Otherland. A Book I both hungered and was worried to read. Hunger because well, faeries, proper faeries not sparkly cutesy types, in the hands of Louie Stowell’s story craft; and worried because I knew, like Myra feels when close to the Queen, I would be lost in the wonder forever, that my heart couldn’t take the book being over.
I still am kinda back there, even now.
Myra and Rohan are forever bound by the day they were born, which happened to also be the day they both died and came back. The two families come together every year to celebrate their ‘Deathday’ but in recent years its become a little awkward.
Myra, feeling inadequate to her vivacious and carefree mother tries so hard to be incredible that it often falls down, and not just tumbles, I mean thundering over Niagara Falls with a broken umbrella and budgie smugglers spectacular falling. Rohan is a clean-cut perfect child, and gets frustrated that year after year his birthday is hijacked by one accident after another.
However, this year as the garden shed goes up in flames, Rohan’s baby sister is whisked away into Otherland, because Deathday ripped a hole in the multiverse, and the faeries have finally reached through.
Take a measure of Labyrinth, a dollop of David Bowie, a pinch of Miranda Richardson’s Queenie, a sprinkle of Helena Bonham Carter, a dash of Michelle Pfieffer, stir in the Bacchanalian fairy scenes of A Midsummer Nights Dream meets the Dream Ball of Labyrinth then add a girl with a dash of Changeling and a whacking dollop of ADHD paired with a very well behaved boy who just wants his sister back and you have a book that is like nothing else I’ve quite read in a long time, and oh.…do I love it. Especially in the hands of Louie’s pacy, witty writing that has a magic you can almost taste..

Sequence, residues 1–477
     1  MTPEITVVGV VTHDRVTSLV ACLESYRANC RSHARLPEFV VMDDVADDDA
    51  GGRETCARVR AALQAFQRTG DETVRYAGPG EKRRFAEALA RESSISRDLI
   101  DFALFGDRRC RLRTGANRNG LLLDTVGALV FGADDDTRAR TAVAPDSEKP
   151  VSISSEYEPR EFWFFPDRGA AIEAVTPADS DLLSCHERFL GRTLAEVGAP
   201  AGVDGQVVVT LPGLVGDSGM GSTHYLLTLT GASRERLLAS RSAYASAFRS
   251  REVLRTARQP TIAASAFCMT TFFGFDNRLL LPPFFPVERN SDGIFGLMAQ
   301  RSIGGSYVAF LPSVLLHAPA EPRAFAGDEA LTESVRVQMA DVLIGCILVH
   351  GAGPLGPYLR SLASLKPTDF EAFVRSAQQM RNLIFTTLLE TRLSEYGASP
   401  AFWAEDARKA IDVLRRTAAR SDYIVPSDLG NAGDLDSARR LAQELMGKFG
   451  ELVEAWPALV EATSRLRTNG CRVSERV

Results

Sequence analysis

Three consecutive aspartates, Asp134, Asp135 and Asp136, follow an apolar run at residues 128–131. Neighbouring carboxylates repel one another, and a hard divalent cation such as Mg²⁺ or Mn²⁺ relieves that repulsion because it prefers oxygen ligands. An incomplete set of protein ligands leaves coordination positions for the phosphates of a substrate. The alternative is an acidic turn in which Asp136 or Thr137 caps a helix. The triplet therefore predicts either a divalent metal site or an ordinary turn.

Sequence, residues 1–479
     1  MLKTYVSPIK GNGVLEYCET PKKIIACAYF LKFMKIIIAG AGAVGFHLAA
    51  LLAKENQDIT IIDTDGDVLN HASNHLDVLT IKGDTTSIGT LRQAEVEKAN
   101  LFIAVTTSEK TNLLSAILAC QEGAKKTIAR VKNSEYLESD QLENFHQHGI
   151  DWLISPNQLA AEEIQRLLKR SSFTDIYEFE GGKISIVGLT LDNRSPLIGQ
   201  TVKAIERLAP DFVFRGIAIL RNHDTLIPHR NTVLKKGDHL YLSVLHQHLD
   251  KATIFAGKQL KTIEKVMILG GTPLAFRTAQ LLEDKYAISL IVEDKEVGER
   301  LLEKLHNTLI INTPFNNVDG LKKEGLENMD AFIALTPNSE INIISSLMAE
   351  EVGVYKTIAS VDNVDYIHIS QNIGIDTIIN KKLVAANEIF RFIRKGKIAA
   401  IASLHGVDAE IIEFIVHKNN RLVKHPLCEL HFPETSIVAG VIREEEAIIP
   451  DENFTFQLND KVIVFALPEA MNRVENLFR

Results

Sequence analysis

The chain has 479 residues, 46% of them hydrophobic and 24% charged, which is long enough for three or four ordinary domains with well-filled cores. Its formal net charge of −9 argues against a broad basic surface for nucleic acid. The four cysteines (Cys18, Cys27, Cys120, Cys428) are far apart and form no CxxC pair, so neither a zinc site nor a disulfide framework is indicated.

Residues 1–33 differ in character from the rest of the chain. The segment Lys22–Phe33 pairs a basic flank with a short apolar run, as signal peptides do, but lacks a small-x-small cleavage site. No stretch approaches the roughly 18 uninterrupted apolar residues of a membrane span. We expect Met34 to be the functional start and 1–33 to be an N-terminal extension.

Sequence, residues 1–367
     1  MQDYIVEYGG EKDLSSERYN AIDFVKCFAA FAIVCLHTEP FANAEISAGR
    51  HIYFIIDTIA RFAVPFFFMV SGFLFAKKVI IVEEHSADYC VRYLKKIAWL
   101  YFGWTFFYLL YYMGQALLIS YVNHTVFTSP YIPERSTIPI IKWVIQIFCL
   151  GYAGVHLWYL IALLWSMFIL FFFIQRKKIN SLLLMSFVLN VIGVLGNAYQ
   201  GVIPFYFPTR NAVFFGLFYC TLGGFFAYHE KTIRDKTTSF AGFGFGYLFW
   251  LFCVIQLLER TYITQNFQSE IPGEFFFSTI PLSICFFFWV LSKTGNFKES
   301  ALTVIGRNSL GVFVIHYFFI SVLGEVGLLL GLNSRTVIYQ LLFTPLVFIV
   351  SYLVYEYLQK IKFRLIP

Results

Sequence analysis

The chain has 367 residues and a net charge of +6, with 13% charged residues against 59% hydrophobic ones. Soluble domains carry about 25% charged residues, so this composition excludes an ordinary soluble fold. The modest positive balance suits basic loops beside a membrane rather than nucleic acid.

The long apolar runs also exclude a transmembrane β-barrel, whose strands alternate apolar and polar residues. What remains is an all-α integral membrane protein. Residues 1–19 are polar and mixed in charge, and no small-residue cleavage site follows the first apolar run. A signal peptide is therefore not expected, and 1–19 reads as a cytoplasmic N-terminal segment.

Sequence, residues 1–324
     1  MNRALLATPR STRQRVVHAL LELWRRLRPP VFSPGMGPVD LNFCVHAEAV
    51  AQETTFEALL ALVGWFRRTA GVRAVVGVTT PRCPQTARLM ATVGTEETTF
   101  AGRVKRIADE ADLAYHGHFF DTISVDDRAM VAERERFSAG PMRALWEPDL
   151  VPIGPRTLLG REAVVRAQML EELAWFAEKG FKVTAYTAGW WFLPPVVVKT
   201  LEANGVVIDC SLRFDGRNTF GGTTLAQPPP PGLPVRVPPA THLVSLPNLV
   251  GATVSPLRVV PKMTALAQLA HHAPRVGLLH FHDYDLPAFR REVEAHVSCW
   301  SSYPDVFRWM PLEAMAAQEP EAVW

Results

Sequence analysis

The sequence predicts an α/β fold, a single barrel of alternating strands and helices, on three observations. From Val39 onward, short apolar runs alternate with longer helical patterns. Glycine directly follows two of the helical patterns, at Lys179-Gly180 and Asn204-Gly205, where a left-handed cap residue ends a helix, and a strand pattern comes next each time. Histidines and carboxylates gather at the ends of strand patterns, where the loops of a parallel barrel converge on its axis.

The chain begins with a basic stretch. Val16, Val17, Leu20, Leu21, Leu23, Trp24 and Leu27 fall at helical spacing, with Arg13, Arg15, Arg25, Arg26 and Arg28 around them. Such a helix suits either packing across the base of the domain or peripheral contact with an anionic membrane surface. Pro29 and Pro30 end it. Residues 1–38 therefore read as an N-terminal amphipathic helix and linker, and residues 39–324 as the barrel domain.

You can’t talk about Otherland without referencing Labyrinth, it’s just not possible, BUT… this doesn’t mean it’s a copy or reboot. It’s one of those things where the Froud meets Henson world exploded into Louie’s consciousness and put down roots in her very soul (and for so many more of us too) and wove itself glittering into the tapestry of her imagination.
Not simply the rescue the baby sibling concept from the ‘Magic Dance’ to the window sill, from the outrageous ‘presence’ of the Queen to the topsy turvy trickster challenges it will be a delight yet is fresh, shiny and different in the same way- it’s like the echoes of the film sing in your mind in a comforting nostalgic way rather than ‘I’ve seen this before’ and that takes talent and skill which Louie has in heaps! To the young reader, I can imagine a kind grown up whisper, ‘Lets watch Labyrinth’ and their first experience will be cemented into their enjoyment of Otherland, that so wondrous I can barely contain the glee.
Myra felt a flutter of excitement,. whatever lay ahead might be dangerous, and might be terrifying… but oh! She felt alive.
One of Louie’s talents as a writer is the ferocity with which she imbues her characters, they re not meek and mild, even the ones you may think at first are!
Myra is a blazing fireball of energy and mischief, I swear there’s some faery in there! We are led to the suggestion she has ADHD from her exuberance that often ends in disaster and whilst in the real world it is perhaps her downfall, it really becomes a super power in Otherland and we realise that her difference is as much a strength as a challenge.
For someone whose brain works differently, and I suspect that Littlefae’s does too, it’s a validation and comfort to see that struggles, difference and diversity as this can be strengths and power instead of simply the source of teasing and dismissal. It’s also a wonderful window for children more like Rohan to experience and understand that good intentions and joy are often behind what they may perceive as annoying or clumsy.
myra couldn’t take her eyes off the woman. She’d seen beautiful things before in her life. Her mother’s gold spiked platform shoes, for example. But nothing like this. it was like gazing at the most beautiful sunset, but if that sunset was also an exploding star, and that exploding star was riding a unicorn. With wings.
Gloriana in all her -Queenie-Jareth- Queen of Hearts- splendour is a siren call in her Sapphic Faerie wonder, we are under her spell as the faeries and Myra notices herself in Otherland. This unabashed celebration of feminine beauty and allure and just letting Myra’s noticing and feelings to sit on the page is such a powerful thing, it’s not ‘saying’ anything, yet equally saying so much, and it’s quietness will be a roar to those who need it.
Basically, let yourself be taken away with the faeries, in Louie’s hands its sublime.
Otherland by Louie Stowell is published by Nosy Crow